Data transformation works at scale when it goes across the organization and down into teams – also known as “T-shaped” transformation. This helps cultivate broad capabilities across many areas of the business including Finance, Marketing, Operations, Legal, etc. while still encouraging specialization and enhanced skill sets where needed.
With this approach, data literacy and fluency become pervasive, ensuring that everyone understands the value and potential of data in their roles. It helps break down silos and encourages collaboration and learning, as individuals see how their work contributes to the bigger picture.
3. Don’t do it alone
Getting value from digital transformation requires collaboration and alignment between key roles, including Chief Data Officers (CDOs), Chief Technology Officers (CTOs), and Chief Transformation Officers, alongside the wider senior leadership team.
CDOs, with their deep understanding of data and its potential, can guide the organization towards leveraging data as a strategic asset. CTOs can provide the technical expertise and infrastructure required to support the business's data-driven initiatives. Chief Transformation Officers tie the value and projects across the business. When these roles collaborate, they create a powerful partnership, ensuring that transformation is not limited to isolated pockets but permeates every aspect of its operations.
Involving the wider senior leadership team is vital for driving cultural change and breaking down departmental silos. Transformation cannot be solely driven by data teams or technology departments; it requires a collective effort and a shared vision that works its way into cross-functional team and business objectives.
David highlights how there are usually many transformation projects going on in large organizations simultaneously and that calling out “data” front and center can isolate or scare people away. Outlining that the company is focused on business transformation as a whole and that data is one part of the change can help get out of the “data team responsibility” mindset and help leaders think more broadly about the opportunities available.
4. Focus on value
Getting the whole team on board can be tricky, especially in legacy organizations, who may be more risk averse or are used to doing things a certain way. But as Benny underlined – big leaps only happen when we try new ways of working. The drawback is that those experiments might only work 20% of the time. So how can you ensure the company stays motivated and sees the potential? Focus on the value data transformation brings.
Start with quick wins. In JLR’s case, that was semi-automation in reporting, which saved a bit of time each week and freed up time for experimentation. Demonstrating measurable improvements warms the wider business to the idea of innovation and slowly changes the collective mindset. From there, those small stories become larger in size and scale, transforming the entire workforce. For example, a single apprentice was able to identify production inefficiencies leading to 600 extra cars(opens new window) produced per week.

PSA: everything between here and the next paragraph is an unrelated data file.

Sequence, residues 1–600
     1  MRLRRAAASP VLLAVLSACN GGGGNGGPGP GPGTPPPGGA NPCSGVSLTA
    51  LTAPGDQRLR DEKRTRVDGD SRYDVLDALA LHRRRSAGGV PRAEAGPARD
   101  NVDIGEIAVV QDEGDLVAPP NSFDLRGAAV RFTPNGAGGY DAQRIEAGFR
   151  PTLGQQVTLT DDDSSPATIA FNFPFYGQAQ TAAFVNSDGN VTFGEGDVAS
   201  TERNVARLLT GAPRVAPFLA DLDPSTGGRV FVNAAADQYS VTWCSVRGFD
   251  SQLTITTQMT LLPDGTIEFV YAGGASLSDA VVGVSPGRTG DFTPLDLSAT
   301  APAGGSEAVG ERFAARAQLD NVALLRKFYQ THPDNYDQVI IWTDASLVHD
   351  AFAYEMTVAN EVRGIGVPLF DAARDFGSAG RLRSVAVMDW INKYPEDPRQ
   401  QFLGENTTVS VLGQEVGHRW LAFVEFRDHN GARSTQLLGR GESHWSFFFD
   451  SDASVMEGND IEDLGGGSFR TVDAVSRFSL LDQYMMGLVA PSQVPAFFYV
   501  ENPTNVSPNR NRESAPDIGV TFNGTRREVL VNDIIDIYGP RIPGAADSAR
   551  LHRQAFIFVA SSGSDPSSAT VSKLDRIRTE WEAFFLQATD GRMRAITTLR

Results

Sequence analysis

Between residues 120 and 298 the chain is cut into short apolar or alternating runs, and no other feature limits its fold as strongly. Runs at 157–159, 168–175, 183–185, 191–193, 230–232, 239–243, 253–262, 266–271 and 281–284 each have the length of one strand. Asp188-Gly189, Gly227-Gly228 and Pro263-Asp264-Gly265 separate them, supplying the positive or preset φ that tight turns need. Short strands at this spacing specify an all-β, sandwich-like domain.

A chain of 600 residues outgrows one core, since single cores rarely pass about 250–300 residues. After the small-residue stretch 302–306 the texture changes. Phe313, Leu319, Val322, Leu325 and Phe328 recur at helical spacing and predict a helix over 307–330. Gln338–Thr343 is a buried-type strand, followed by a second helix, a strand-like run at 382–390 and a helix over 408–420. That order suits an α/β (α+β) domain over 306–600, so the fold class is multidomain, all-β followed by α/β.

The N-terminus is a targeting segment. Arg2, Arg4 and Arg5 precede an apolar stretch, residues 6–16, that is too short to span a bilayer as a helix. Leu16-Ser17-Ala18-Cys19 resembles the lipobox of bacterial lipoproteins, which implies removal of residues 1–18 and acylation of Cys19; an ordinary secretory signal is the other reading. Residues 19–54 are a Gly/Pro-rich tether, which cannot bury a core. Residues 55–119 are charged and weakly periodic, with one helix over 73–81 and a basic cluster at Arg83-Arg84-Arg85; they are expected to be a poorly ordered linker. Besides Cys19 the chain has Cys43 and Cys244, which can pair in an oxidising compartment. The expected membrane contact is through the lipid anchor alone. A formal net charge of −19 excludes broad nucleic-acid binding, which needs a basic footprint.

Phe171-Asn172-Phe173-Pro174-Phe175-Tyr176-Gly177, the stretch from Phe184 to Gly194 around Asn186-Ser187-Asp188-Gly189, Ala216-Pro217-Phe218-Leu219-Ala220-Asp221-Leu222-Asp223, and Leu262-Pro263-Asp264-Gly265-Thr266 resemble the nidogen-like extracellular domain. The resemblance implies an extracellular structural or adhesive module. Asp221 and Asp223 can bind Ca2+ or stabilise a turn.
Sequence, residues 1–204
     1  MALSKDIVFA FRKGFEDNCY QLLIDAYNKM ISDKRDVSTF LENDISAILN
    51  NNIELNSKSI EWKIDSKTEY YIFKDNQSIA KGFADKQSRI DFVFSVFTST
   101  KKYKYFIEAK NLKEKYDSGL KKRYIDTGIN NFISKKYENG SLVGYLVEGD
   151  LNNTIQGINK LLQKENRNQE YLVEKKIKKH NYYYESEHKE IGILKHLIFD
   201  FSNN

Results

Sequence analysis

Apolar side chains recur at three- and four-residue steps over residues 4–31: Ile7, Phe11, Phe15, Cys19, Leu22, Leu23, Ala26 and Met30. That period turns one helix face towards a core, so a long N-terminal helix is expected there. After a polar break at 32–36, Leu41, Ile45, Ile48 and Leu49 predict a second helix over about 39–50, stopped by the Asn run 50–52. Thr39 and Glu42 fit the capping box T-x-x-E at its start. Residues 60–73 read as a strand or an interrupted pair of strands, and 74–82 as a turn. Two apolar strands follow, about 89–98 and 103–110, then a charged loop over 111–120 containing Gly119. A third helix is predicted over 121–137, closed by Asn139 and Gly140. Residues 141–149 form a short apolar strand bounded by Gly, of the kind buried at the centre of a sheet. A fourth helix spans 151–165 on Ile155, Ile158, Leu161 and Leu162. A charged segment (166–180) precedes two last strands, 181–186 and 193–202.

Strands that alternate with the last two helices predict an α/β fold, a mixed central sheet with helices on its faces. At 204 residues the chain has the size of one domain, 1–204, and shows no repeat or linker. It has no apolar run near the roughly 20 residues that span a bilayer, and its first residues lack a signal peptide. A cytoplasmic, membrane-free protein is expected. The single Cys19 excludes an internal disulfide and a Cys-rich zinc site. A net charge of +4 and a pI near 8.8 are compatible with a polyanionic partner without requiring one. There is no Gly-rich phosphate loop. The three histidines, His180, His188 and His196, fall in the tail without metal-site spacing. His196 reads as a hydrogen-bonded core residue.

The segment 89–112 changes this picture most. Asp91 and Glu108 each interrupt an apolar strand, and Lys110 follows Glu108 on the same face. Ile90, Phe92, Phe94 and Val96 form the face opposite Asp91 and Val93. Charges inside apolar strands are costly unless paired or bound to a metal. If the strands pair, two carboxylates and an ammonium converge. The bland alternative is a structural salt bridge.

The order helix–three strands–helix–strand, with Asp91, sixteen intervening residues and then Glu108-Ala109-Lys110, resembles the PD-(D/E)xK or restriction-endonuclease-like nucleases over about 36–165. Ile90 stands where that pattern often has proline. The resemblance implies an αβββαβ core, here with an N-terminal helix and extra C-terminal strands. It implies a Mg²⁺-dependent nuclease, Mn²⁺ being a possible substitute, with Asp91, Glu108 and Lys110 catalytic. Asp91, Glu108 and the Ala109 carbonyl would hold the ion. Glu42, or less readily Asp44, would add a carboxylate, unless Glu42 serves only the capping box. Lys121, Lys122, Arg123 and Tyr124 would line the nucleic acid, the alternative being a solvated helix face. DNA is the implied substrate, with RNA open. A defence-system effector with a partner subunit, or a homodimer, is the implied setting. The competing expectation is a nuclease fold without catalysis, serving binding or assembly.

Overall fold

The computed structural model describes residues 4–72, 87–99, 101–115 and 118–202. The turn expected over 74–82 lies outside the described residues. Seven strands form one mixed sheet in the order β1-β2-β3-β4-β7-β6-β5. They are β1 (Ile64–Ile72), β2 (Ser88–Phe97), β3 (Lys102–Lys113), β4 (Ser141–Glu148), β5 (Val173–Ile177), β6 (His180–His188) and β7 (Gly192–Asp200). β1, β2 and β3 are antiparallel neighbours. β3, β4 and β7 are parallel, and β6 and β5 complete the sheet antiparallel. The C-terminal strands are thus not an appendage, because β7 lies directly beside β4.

Benny shared that “Transformation starts and ends with people. People want the opportunity to learn and are excited by it – organizations are holding them back. When individuals build new skills, they become more motivated, and a more motivated workforce fosters growth.”
This is also where programmes leveraging project-based learning shine. Providing opportunities for individuals to apply their learning to real-world scenarios not only enhances their capabilities but also generates ROI for the business. Rather than apprenticeships being seen as additional work, Dan recommends asking individuals for their day-to-day problems and tying back projects to improve their experience. Follow Capital One’s footsteps – they conducted 100 qualitative and quantitative interviews to understand which areas of their business needed improvement the most. Matching business needs with individual opportunities for growth can improve employee satisfaction and retention as they see how their work translates to business outcomes.
Ming also talked about the value of highlighting apprentices – which can motivate others who fear they may be missing out. “Learning is infectious. Learning on the job, coaching, applying skills to projects, it’s why people like being on Multiverse programmes” she explained. This fortuitous cycle not only enhances the skills of individuals but increases individual satisfaction while also fostering a culture of continuous improvement and growth within the workforce.
5. Learn from your peers
In the past 25 years, there have been massive transformations for both consumers and businesses – including the Internet, focus on Big Data, and now generative AI. David highlights how external influences will constantly force organizations to change or fail. No organization has the right to assume it will continue to exist – it needs to adapt.
But that can be hard. Transformation, data, and tech roles have drastically changed over the last decade in what is required of them. One way to overcome this is to learn from your peers, join networking sessions and exchange your experiences.